By the mid-nineteenth century, England had earned a reputation among other European countries as being "the land without music." Although London boasted a thriving concert culture and vibrant music criticism, the British concert-going public preferred music by foreign composers. While this xenophilia reinforced their country's image as a commercial superpower able to import the finest the world has to offer, it left English composers unsupported by their own country, weakening their international status. As the century progressed and nationalistic attitudes increased, the need for native English composers became imperative, coinciding with growing concern about political and economic threats to British supremacy. Many members of the British musical establishment sought to rehabilitate their nation's musical reputation through educational reforms aimed both at the general public and at specialists in the conservatories. This campaign necessitated new ways of presenting music history, particularly with regard to musical activities in Britain. As a result, several new volumes of music history were published in the second half of the nineteenth century, each reflecting the specific motivations of its author.
This paper is a historiographic account of music histories published in Britain between 1838 and 1908, comparing their presentations of one composer, Felix Mendelssohn. As a German composer who enjoyed enormous popularity in Britain in the decades after his death in 1847, Mendelssohn provides an ideal lens through which to examine the tensions of the Victorian era and how they affect historians' treatment of evidence. Writers from the generation that had direct contact with Mendelssohn tend to present him as a beneficial force in British musical culture, introducing the public to morally uplifting art and actively encouraging English composers to produce works in the same vein. These histories place greater emphasis on narrative accounts of the composer's ten visits to Britain, as well as anecdotes from English composers invited to study with him in Leipzig, thereby deriving credibility from lines of direct personal contact with Mendelssohn. Later generations of writers, however, express anxiety over the profound influence one foreign composer exerted over their culture, arguing that his legacy discouraged composers from developing a distinctly "English" music. These histories treat personal narratives with skepticism, asserting that admirers' devotion to a Mendelssohnian cult of personality blinds them to his aesthetic shortcomings.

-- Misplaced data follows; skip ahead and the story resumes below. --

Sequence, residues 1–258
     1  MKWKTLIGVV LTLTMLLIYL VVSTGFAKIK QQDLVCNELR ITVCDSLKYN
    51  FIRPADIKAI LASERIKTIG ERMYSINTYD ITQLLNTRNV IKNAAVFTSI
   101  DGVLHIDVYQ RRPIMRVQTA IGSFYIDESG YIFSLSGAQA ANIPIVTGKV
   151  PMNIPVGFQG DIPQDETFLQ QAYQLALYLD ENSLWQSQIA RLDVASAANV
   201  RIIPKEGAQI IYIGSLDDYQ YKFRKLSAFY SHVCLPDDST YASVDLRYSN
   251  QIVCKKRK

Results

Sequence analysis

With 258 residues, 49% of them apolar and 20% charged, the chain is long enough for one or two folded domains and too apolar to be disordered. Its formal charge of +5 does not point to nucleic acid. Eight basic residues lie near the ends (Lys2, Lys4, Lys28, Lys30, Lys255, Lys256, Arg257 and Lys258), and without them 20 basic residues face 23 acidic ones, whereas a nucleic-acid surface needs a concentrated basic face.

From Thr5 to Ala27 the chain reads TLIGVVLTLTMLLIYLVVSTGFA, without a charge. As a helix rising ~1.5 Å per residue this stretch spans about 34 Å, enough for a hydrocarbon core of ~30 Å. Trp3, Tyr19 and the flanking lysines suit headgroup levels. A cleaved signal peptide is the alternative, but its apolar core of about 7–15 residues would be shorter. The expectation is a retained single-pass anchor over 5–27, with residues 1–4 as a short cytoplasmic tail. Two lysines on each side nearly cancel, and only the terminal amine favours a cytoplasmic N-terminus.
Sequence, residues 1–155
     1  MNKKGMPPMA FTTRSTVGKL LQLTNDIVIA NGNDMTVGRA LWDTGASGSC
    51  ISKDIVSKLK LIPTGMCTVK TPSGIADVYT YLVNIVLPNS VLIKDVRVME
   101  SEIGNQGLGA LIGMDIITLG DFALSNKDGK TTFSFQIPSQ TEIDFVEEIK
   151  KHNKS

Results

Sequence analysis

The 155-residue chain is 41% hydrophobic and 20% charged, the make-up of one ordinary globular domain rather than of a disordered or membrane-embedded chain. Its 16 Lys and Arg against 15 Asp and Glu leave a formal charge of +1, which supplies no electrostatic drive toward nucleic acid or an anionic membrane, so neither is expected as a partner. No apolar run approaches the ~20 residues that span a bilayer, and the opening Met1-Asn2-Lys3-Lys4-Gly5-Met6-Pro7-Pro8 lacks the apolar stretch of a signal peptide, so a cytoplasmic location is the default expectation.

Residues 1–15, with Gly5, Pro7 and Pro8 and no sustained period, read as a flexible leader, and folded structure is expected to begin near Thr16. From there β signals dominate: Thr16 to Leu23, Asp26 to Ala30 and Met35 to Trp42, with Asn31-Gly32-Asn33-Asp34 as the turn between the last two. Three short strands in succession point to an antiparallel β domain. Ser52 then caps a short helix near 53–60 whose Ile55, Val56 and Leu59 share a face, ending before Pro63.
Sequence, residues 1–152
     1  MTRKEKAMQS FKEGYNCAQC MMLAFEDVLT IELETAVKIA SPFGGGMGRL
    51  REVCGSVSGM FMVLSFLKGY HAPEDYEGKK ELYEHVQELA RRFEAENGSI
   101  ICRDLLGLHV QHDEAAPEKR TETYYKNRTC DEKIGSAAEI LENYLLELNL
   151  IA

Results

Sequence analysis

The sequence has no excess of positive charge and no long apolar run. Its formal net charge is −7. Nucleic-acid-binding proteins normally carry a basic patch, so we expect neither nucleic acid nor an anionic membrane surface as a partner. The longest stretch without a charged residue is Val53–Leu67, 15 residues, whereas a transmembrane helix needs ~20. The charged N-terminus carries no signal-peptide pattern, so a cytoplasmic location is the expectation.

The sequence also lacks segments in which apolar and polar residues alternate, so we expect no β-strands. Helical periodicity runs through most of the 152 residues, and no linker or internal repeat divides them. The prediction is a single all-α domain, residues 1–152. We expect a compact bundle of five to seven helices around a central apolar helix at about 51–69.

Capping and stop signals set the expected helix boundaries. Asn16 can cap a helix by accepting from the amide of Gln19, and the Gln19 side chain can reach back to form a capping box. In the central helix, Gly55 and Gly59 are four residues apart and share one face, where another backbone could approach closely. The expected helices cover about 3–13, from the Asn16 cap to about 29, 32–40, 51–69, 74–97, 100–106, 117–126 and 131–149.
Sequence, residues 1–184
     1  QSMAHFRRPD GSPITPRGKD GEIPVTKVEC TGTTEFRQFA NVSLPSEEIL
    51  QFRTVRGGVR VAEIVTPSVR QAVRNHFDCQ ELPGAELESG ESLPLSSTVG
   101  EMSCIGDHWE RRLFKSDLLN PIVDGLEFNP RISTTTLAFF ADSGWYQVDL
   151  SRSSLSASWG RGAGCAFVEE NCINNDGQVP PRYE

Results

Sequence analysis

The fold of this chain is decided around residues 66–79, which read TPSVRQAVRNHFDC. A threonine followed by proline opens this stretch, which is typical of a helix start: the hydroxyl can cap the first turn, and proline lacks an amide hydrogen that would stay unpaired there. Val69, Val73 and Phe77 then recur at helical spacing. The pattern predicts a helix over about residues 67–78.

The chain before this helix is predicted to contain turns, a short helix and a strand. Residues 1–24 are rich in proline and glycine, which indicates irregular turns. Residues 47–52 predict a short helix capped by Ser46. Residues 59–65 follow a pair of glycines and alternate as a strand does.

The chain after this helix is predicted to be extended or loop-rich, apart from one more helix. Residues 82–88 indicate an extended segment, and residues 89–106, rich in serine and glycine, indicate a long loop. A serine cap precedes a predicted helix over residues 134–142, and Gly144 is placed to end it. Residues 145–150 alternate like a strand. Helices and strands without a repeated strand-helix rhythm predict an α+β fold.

Though the "Great Man" paradigm prevails in most British music histories of the Victorian era, the values that constitute "Greatness" change, away from the social graces epitomized by Mendelssohn and toward the perceived rugged individualism of English composers of the early twentieth century. By tracing the presentations of Mendelssohn in music histories by George Hogarth, Reverend H.R. Haweis, William Smyth Rockstro, Hubert Parry and others, this paper sheds light on how British music enthusiasts used histories to shape perceptions of musical life in England at a point when the nation's musical identity seemed most malleable.